Jamie White of Métier Vélo. Photo by ColtonMarsalaPhotography.com

Métier Vélo – Building Momentum: A Look at Four Local Bicycle Craftsmen


The creative talents of the greater cycling community convened in Salt Lake City this spring for the North American Handmade Bicycle Show (NAHBS) to showcase works of rideable art. Motivations and designs differ greatly across builders, but their passion for the sport is as hearty as the materials they choose for their stately steeds. Riding through the streets of SLC, it is often difficult to spot a handmade bicycle from afar, so take a closer look with four locals—Sixth Law Cycles, Saltair CyclesReynolds Cycling and Métier Vélo—who are constructing these two-wheeled dream machines

Métier Vélo
Jamie White

Founder Jamie White is motivated by enthusiasm to continue building unique and quality frames. "It is really motivating to implement new ideas for cool bicycles to build and ride," he says. Photo by ColtonMarsalaPhotography.com
Founder Jamie White is motivated by enthusiasm to continue building unique and quality frames. “It is really motivating to implement new ideas for cool bicycles to build and ride,” he says. Photo by ColtonMarsalaPhotography.com

SLUG: Briefly describe the backstory behind your brand.
Métier Vélo: After 11 years and thousands of applications looking for a job in my field (molecular and cellular neurogenetics), I decided to make my own job.  After much consideration, I decided framebuilding fit my meticulous personality and passion for cycling. I founded Métier Vélo in 2013, and I began to develop frames constructed with 3D-printed titanium lugs (joints) and carbon fiber tubes. I began full-time production in 2015.  Making frames with titanium lugs and carbon tubes is still a novel construction technique; to date, I am the only builder using it to craft full-custom bicycles in all styles.  My frames are unique in that they are not just made-to-measure for each rider, but entirely designed from the ground up, down to the smallest detail.  

“Métier” means  profession, in the sense of craft or calling. “Le Métier” is how professional cyclists refer to the total commitment required to race for a living: The Profession. The name of the company—Métier Vélo LLC—refers to me finding my calling, pays tribute to the racing heritage of my frames, and recognizes the total commitment required to be a professional bicycle designer and framebuilder.

SLUG: Why did you decide to choose Salt Lake City as your home base?
Métier Vélo: I was waylaid after coming to the University of Utah for a postdoctoral fellowship. SLC is an easy place to get stuck, especially living in Emigration Canyon.

SLUG: How do you engage with the local cycling community in SLC?
Métier: I race with Cicada Racing Inc. and I ride a lot. The phrase “cycling community” makes it sound like cyclists are a homogeneous bloc. In reality, there are all sorts of different types of riders and different reasons for riding. I see every type of rider in Emigration Canyon from clear beginners on their first ride to seasoned, famous professionals. If you’re passed by a rider in the Canyon, she could be an Olympic medalist.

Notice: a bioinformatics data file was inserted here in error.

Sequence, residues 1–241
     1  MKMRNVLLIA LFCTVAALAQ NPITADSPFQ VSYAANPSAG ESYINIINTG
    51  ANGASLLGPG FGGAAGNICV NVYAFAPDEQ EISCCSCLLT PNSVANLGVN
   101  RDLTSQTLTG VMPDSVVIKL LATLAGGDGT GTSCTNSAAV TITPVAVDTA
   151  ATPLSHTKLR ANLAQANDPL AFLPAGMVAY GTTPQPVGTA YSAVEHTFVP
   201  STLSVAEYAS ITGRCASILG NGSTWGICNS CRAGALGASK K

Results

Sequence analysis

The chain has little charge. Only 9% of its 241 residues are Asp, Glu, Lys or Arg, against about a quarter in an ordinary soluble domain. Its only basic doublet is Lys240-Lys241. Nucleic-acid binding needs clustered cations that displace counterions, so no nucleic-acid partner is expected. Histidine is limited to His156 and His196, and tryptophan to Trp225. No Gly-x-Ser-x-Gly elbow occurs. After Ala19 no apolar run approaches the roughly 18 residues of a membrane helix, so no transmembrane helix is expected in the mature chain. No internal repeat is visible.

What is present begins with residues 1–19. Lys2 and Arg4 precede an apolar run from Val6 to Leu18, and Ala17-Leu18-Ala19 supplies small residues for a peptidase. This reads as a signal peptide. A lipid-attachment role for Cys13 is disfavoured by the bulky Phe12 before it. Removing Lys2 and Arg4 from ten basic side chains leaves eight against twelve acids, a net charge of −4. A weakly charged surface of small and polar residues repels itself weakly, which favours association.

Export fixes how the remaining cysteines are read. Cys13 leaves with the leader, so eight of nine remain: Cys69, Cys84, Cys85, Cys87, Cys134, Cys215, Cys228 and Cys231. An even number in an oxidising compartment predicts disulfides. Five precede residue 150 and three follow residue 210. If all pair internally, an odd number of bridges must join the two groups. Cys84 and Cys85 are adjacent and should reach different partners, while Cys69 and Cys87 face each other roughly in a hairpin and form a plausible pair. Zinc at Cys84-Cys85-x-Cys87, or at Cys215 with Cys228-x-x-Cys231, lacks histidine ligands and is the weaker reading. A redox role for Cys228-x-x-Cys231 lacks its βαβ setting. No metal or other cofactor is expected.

SLUG: How many people work within your company, and how do you plan to grow your business?
Métier: One human (me), two cats (office and shop), and two dogs. I might get another cat. My goal is 24 frames per year. I won’t expand beyond that. The best builders work alone.

SLUG: What is the most difficult part of building a bicycle or components by hand?
Métier Vélo:

  1. Finding clients.
  2. Designing. My frames are designed from scratch for each client, and the 3D printed lugs leave little room for error. Each design needs to be completely accurate, and I need to model every detail before the final print.  
  3. Bonding. The joints between the titanium lugs and carbon tubes need to be meticulously prepared and executed. The epoxy must completely coat both surfaces (lug and tube) and penetrate the bond. My scientific background was helpful in establishing protocols for maximum bond strength.

SLUG: What have been some of your biggest triumphs as a builder?
Métier: Triumph might be an overstatement. Just running a small business is hard, regardless of the business, so I am proud of myself for sticking with it.

As far as framebuilding goes, I’ve established a great collaboration with Tim Crossman in Ukraine. He is a framebuilder who also fabricates custom tubes. Tim had done some exclusive designs for Métier Vélo and we should have more cool things coming up in 2017. 

Professionally, showing at NAHBS was a significant achievement. The overall level of craftsmanship and professionalism at NAHBS is high and gets higher every year. Being accepted to exhibit frames as a builder at the show validates my work and effort, and is recognition of my assembly methods, fabrication skills and designs.

SLUG: How do you attract potential customers?

  1. Directly through my website: metier-velo.com
  2. Media attention from the NAHBS and Bespoked U.K. handbuilt bicycle shows. Don Walker, NAHBS founder and president, is almost single-handedly responsible for the renaissance in  custom bicycles made by small, independent custom builders.
  3. Social media: Instagram @MétierVélo, FB: MétierVélo and I’m on Twitter @MétierVélo. Info from Métier Vélo is collected under #MétierVélo.

SLUG: How do you set yourself apart from other custom builders in the area and abroad?

  1. Construction: No other full-custom builder uses 3D printed titanium lugs and carbon tubes with the toughened, bonding technology I employ.
  2. Aesthetic: My lugs have flowing curves and custom artwork printed right into the lugs.   My lug designs have shapes that can only be fabricated by 3D printing. Tim Crossman’s tubes have a unique woven look. Together, the 3D-printed parts and custom tubes create a look that pays tribute to classic lugged frames.
  3. Design: I don’t just cut tubes to measure; I design every aspect of the bicycle from the ground up in 3D modeling software.
  4. Versatility: I make all styles of bicycle, limited only by what a client and I can envision.
  5. Durability: My frames have a lifetime, no-questions-asked guarantee. Well, I’ll probably ask some questions. And the lifetime is my lifetime, not yours. 

SLUG: Tell us about your 2017 NAHBS experience.  Was it your first show or have you been going for a while?